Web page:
Fergus Reid III. Mr. Reid has served as the Chairman of the Board since 2005 and was Chairman of the heritage J.P. Morgan Funds Board, serving as a member of such Board since 1987. Mr. Reid is the Chairman of the Governance Committee. As Chairman of the Governance Committee, he has participated in the selection and nomination of persons for election or appointment as Trustees, periodic review of the compensation payable to the Trustees, review and evaluation of the functioning of the Board and its committees, oversight of any ongoing litigation affecting the Funds, the Advisers or the non-interested Trustees, oversight of regulatory issues or deficiencies affecting Funds, oversight of the Funds’ risk management processes and oversight and review of matters with respect to service providers to the Funds.

Frederick W. Ruebeck. Mr. Ruebeck has served on the Board since 2005 and was a member of the heritage One Group Mutual Funds Board since 1994. Mr. Ruebeck is the Chairman of the Fixed Income Sub-Committee. Mr. Ruebeck also serves on the Audit and Valuation Committee. As a member of the Audit and Valuation Committee, Mr. Ruebeck has participated in the appointment of the Funds’ independent accountants, the oversight of the performance of the Funds’ audit, accounting and financial reporting policies, practices and internal controls and valuation policies, assisting the Board in its oversight of the valuation of the Funds’ securities by the Advisers, overseeing the quality and objectivity of the Funds’ independent audit and the financial statements of the Funds, and acting as a liaison between the Funds’ independent registered public accounting firm and the full Board.

James J. Schonbachler. Mr. Schonbachler has served on the J.P. Morgan Funds Board since 2005 and was a member of the heritage J.P. Morgan Funds Board since 2001. Mr. Schonbachler is a member of the Fixed Income Sub-Committee. The Fixed Income Sub-Committee is responsible for fixed income funds. Mr. Schonbachler also serves on the Audit and Valuation Committee. As a member of the Audit and Valuation Committee, Mr. Schonbachler has participated in the appointment of the Funds’ independent accountants, the oversight of the performance of the Funds’ audit, accounting and financial reporting policies, practices and internal controls and valuation policies, assisting the Board in its oversight of the valuation of the Funds’ securities by the Advisers,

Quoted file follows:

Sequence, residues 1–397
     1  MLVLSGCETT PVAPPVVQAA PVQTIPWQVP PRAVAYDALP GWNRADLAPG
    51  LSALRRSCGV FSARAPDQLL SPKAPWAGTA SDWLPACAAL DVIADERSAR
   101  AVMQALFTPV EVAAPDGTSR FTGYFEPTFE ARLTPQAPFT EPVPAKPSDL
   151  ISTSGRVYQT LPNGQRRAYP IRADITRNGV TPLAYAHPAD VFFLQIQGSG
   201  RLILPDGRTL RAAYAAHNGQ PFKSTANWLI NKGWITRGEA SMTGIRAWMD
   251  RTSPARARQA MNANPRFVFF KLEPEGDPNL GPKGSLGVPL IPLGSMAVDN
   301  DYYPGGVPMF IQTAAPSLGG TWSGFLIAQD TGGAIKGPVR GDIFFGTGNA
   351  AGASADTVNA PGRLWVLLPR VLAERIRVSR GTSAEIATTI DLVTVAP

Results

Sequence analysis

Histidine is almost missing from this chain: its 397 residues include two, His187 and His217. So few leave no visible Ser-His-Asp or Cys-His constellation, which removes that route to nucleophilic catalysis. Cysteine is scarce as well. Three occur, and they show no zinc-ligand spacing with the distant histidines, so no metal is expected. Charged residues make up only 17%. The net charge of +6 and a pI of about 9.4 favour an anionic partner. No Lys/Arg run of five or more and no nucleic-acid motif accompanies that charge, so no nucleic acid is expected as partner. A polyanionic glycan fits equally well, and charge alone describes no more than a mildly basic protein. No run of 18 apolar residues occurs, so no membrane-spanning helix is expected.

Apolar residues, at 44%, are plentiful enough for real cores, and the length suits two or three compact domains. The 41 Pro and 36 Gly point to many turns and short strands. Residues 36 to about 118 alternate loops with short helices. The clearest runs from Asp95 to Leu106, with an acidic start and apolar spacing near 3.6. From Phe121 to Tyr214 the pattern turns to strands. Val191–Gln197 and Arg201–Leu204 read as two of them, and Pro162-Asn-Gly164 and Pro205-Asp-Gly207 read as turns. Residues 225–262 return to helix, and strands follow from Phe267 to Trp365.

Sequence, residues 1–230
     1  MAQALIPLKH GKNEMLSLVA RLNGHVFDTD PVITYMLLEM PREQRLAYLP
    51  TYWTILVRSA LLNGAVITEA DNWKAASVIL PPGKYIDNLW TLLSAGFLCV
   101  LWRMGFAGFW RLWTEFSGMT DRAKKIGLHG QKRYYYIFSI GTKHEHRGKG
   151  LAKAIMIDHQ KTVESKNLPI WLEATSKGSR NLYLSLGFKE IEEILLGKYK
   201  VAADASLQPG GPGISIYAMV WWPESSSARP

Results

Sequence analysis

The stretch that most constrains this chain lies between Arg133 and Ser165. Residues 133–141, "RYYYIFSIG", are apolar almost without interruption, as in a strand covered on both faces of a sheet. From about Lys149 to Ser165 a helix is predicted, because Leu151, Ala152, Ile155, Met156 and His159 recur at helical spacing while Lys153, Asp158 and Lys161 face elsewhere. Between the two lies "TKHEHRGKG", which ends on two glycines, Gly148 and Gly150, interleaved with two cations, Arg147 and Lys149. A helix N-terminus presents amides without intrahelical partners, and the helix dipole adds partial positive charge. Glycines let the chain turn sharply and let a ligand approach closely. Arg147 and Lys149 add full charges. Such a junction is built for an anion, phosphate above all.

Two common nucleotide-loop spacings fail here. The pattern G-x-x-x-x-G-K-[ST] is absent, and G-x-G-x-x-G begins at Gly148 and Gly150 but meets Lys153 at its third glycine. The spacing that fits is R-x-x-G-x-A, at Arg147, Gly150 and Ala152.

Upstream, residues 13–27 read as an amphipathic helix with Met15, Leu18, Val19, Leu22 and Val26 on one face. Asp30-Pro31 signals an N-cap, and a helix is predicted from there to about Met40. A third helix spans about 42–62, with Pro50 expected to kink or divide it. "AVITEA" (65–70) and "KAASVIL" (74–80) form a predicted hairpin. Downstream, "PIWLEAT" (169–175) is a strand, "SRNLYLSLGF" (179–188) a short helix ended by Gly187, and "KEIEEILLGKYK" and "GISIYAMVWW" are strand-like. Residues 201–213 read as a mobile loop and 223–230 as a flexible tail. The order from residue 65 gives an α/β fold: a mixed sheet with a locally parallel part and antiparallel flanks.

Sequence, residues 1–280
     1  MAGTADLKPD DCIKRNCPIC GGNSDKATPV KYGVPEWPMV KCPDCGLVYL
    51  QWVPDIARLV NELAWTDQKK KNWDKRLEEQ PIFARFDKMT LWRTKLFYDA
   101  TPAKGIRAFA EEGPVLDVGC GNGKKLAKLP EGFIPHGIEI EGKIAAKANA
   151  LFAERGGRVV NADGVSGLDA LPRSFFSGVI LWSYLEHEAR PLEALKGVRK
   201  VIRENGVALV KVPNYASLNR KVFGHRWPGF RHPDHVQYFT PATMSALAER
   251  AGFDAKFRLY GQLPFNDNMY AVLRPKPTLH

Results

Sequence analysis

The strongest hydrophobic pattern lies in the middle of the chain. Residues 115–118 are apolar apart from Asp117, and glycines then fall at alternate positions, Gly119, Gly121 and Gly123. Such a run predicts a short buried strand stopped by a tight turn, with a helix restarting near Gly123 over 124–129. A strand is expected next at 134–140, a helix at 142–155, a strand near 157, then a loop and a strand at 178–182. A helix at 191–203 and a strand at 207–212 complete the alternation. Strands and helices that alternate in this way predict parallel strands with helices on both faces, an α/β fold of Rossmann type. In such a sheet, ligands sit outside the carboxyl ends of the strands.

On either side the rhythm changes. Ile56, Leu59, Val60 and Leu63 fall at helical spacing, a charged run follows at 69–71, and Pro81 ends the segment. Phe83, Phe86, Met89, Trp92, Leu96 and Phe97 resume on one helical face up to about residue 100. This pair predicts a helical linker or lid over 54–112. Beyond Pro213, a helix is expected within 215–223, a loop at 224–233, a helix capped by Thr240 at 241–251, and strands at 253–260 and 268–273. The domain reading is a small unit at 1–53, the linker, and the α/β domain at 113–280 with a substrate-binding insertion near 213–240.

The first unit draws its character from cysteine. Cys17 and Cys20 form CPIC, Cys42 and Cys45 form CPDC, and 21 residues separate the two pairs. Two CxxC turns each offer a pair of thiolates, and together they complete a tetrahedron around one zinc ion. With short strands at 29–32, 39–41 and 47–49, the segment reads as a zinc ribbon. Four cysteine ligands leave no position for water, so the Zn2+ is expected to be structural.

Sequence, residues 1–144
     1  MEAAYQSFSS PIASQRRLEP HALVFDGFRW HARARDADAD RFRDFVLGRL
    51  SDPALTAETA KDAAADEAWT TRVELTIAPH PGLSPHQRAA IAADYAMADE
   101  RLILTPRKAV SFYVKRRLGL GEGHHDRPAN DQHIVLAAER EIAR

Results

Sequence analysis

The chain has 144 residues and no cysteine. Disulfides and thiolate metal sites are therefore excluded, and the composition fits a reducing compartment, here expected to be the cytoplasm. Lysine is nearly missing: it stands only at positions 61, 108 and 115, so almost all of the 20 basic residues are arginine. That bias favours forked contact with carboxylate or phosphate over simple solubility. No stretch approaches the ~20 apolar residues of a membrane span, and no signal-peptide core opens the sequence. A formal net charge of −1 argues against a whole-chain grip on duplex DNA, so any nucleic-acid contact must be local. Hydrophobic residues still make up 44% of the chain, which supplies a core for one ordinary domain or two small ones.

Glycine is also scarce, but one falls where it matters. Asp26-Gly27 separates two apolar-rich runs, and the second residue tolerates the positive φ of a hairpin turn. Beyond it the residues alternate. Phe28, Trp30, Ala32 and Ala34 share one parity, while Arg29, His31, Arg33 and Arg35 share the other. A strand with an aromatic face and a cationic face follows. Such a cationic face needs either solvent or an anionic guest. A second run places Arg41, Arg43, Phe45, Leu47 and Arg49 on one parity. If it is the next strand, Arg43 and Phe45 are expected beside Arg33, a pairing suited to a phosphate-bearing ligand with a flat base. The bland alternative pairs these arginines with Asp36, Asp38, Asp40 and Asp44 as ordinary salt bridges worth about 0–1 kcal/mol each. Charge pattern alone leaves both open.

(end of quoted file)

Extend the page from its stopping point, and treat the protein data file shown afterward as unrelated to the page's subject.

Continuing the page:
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overseeing the quality and objectivity of the Funds’ independent audit and the financial statements, and acting as a liaison between the Funds’ independent registered public accounting firm and the full Board.

Frankie D. Hughes. Ms. Hughes has served on the Board since 2008. Ms. Hughes is a member of the Fixed Income Sub-Committee. Ms. Hughes is also a member of the Compliance Committee. As a member of the Compliance Committee, she has participated in the oversight of the Funds’ compliance with legal and regulatory and contractual requirements and compliance policies and procedures.

Leonard M. Spalding, Jr. Mr. Spalding has served on the Board since 2005 and was a Trustee of the heritage J.P. Morgan Funds since 1998. Mr. Spalding is the Chairman of the Investments Committee. Mr. Spalding is also a member of the Compliance Committee. As a member of the Compliance Committee, he has participated in the oversight of the Funds’ compliance with legal and regulatory and contractual requirements and compliance policies and procedures.

Board Leadership Structure and Oversight

Mr. Reid, an independent Trustee, serves as Chairman of the Board. Patricia Maleski serves as President of the Funds. Ms. Maleski is not a director. The Chairman’s role is separated from that of the President to allow the Board to function independently from the Advisers in the exercise of the Board’s fiduciary duty to the Funds and their shareholders. In this respect, Mr. Reid’s experience as Chairman of Board as well as his independence from the Advisers and their affiliates allows him to carry out his leadership duties as Chairman with objectivity.

In addition, the Board has adopted a committee structure that allows it to effectively perform its oversight function for all of the Funds in the complex. As described under “Qualifications of Trustees” and “Standing Committees,” the Board has four committees: the Investments Committee, the Audit and Valuation Committee, the Compliance Committee and the Governance Committee. The Investments Committee has three sub-committees: an Equity Sub-Committee, a Money Market and Alternative Products Sub-Committee, and a Fixed Income Sub-Committee. The Board has determined that the leadership and committee structure is appropriate for the Funds and allows the Board to effectively and efficiently evaluate issues that impact the J.P. Morgan Funds as a whole as well as issues that are unique to each Fund.

The Board and the Committees take an active role in risk oversight including the risks associated with registered investment companies including investment risk, compliance and valuation. The Governance Committee oversees and reports to the Board on the risk management processes for the Funds. In addition, in connection with its oversight, the Board receives regular reports from the Chief Compliance Officer (“CCO”), the Advisers, the Administrator, and the internal audit department of JPMorgan Chase & Co. The Board also receives periodic reports from the Chief Risk Officer of J.P. Morgan Asset Management 1 (“JPMAM”) including reports concerning operational controls that are designed to address market risk, credit risk, and liquidity risk among others. The Board also receives regular reports from personnel responsible for JPMAM’s business resiliency and disaster recovery.